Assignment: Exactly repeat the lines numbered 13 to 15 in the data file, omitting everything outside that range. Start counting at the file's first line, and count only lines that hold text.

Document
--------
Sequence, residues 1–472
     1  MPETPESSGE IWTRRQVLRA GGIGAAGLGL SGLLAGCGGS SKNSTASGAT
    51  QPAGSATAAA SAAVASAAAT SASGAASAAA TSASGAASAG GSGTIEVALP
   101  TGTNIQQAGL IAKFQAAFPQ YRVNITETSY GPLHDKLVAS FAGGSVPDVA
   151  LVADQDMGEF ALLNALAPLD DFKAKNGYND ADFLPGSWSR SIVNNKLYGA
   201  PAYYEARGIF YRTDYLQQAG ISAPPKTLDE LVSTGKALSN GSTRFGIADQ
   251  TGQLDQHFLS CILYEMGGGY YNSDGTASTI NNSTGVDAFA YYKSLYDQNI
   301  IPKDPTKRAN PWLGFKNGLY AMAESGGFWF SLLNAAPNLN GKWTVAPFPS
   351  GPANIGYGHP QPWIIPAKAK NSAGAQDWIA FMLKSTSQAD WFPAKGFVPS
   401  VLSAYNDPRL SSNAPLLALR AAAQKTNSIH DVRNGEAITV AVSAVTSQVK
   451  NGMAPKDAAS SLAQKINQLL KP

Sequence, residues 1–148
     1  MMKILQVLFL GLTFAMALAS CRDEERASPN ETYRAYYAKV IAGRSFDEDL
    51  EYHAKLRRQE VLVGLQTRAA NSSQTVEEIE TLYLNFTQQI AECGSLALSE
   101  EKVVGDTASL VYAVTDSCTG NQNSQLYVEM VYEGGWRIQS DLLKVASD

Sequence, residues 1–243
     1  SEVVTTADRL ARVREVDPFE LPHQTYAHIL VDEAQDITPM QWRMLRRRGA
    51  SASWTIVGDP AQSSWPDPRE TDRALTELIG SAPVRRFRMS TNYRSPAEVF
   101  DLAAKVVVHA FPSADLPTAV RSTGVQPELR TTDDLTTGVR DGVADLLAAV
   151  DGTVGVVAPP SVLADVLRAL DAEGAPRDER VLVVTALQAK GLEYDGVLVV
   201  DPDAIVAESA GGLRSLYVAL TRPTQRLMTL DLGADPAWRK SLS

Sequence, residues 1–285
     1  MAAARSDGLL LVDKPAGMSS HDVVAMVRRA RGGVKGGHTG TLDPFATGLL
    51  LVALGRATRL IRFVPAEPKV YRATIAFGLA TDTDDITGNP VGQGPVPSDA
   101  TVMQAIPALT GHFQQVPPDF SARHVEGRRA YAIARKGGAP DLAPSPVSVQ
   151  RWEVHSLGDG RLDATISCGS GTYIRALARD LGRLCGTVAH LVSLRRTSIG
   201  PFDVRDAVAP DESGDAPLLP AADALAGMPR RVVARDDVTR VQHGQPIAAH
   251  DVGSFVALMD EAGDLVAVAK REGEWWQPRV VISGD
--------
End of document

     1  MMKILQVLFL GLTFAMALAS CRDEERASPN ETYRAYYAKV IAGRSFDEDL
    51  EYHAKLRRQE VLVGLQTRAA NSSQTVEEIE TLYLNFTQQI AECGSLALSE
   101  EKVVGDTASL VYAVTDSCTG NQNSQLYVEM VYEGGWRIQS DLLKVASD